“We work with survivors of various crimes and this response is unique to domestic violence victims whose partners are service police members. These women have reached a point where their partner’s harassment, intimidation and abuse has escalated to an unbearable level, so it’s disappointing that they’re met with resistance.”
‘I had no faith police could keep me safe’
Police are supposed to respond to domestic violence matters involving employees in the same way they handle domestic violence incidents generally. Most state forces have codes of practice that set out additional requirements for investigations involving police — including that officers who have been charged or who are subject to protection order applications must surrender their gun. Some are also stood down or put on desk duties while allegations of domestic violence are investigated as part of internal complaints processes.
But this can deter victims from seeking help.
“A few times I spoke quietly to other police or made anonymous calls to the police assistance line, just to get some advice about what I could do,” said Emma*, whose husband is specially trained in responding to domestic violence. “But they told me to be careful because he’d probably be put on restricted duties and that might inflame the situation.”
By that stage, she said, her husband’s controlling behaviours had escalated dramatically; he’d warned her against reporting him and threatened to kill himself if she left him. “I didn’t think there was any point getting a domestic violence order and, given the job he was in, I had no faith police could keep me safe,” she said. “I felt completely trapped.”
According to Melbourne lawyer and police accountability specialist Jeremy King, the next hurdle for victims, if they make it that far, is the investigation.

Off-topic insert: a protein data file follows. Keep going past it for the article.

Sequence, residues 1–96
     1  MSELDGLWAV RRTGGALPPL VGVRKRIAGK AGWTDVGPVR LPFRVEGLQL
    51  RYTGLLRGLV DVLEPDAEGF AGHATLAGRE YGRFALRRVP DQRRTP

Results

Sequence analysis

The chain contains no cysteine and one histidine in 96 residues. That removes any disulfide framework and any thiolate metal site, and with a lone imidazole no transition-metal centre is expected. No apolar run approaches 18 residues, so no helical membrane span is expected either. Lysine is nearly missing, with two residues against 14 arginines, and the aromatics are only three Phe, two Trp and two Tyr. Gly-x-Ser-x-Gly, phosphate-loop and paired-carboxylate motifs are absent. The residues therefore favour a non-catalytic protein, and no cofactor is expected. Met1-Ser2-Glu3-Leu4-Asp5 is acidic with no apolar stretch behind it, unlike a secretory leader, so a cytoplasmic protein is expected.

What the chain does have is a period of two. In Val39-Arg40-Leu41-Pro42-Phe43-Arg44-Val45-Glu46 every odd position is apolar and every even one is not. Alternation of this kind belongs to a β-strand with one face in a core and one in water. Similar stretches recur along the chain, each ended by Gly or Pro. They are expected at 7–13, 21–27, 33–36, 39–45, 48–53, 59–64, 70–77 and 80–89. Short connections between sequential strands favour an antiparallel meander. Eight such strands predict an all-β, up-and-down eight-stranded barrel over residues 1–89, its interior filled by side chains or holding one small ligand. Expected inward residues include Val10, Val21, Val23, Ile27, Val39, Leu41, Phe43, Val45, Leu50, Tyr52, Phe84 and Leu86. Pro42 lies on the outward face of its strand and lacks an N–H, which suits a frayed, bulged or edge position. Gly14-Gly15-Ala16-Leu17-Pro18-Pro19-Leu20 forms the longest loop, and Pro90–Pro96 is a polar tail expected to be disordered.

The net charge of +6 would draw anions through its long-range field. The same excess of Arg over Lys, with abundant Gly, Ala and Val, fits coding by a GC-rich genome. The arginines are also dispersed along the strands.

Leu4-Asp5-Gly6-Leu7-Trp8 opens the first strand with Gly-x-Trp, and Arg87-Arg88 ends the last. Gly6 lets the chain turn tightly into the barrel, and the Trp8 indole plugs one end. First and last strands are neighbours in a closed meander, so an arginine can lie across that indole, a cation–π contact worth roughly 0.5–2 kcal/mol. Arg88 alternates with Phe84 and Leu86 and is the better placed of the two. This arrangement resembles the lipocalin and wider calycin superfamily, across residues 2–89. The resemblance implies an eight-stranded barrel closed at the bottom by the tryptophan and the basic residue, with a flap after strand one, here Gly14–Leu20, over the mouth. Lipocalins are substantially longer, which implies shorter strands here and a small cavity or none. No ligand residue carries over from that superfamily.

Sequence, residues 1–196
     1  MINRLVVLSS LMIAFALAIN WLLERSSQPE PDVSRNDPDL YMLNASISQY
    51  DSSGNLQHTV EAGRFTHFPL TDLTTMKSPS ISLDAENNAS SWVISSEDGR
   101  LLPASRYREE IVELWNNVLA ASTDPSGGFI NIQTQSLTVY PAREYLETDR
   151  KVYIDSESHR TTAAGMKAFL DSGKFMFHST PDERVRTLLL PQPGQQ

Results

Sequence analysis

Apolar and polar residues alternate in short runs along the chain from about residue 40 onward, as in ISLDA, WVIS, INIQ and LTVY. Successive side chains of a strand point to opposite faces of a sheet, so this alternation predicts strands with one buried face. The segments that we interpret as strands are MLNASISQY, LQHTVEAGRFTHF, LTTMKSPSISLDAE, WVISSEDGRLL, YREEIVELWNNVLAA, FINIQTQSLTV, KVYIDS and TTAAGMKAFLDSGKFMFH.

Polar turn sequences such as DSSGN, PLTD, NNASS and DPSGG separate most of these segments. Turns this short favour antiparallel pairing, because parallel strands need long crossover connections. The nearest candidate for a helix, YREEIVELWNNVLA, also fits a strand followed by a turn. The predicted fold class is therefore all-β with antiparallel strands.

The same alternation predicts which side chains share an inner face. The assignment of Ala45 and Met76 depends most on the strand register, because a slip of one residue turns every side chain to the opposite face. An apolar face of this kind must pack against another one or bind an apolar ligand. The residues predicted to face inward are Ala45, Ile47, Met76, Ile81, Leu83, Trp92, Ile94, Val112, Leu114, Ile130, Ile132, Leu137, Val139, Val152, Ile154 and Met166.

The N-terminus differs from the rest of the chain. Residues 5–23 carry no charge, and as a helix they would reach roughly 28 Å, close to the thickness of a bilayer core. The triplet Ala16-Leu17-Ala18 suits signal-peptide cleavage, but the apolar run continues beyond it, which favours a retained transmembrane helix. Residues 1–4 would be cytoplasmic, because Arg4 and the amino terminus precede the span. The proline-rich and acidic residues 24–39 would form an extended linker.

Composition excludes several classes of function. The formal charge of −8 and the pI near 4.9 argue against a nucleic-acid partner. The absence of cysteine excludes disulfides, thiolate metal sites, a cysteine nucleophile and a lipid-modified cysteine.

“Police have an inherent bias when it comes to investigating their own ... and that bias can skew investigations in all sorts of ways,” he said. “It has been my experience with my clients that police are more sceptical of complainants when there is another police officer involved ... then on top of that, there have been particular examples where, deliberately or otherwise, statements haven’t been taken, actions haven’t been taken where perhaps they would have been if a police officer wasn’t involved.”
For that reason, Mr King said, it’s “remarkable” that 55 officers in Australia were charged with domestic violence offences last year. “The standard of proof in criminal proceedings is beyond reasonable doubt, which is a very high bar to get over. Given the [alleged] perpetrators in these matters know the system, this creates additional roadblocks in respect to obtaining evidence.”
For some women, however, just getting a protection order — a civil intervention — has felt impossible.
‘It just gave him a green light’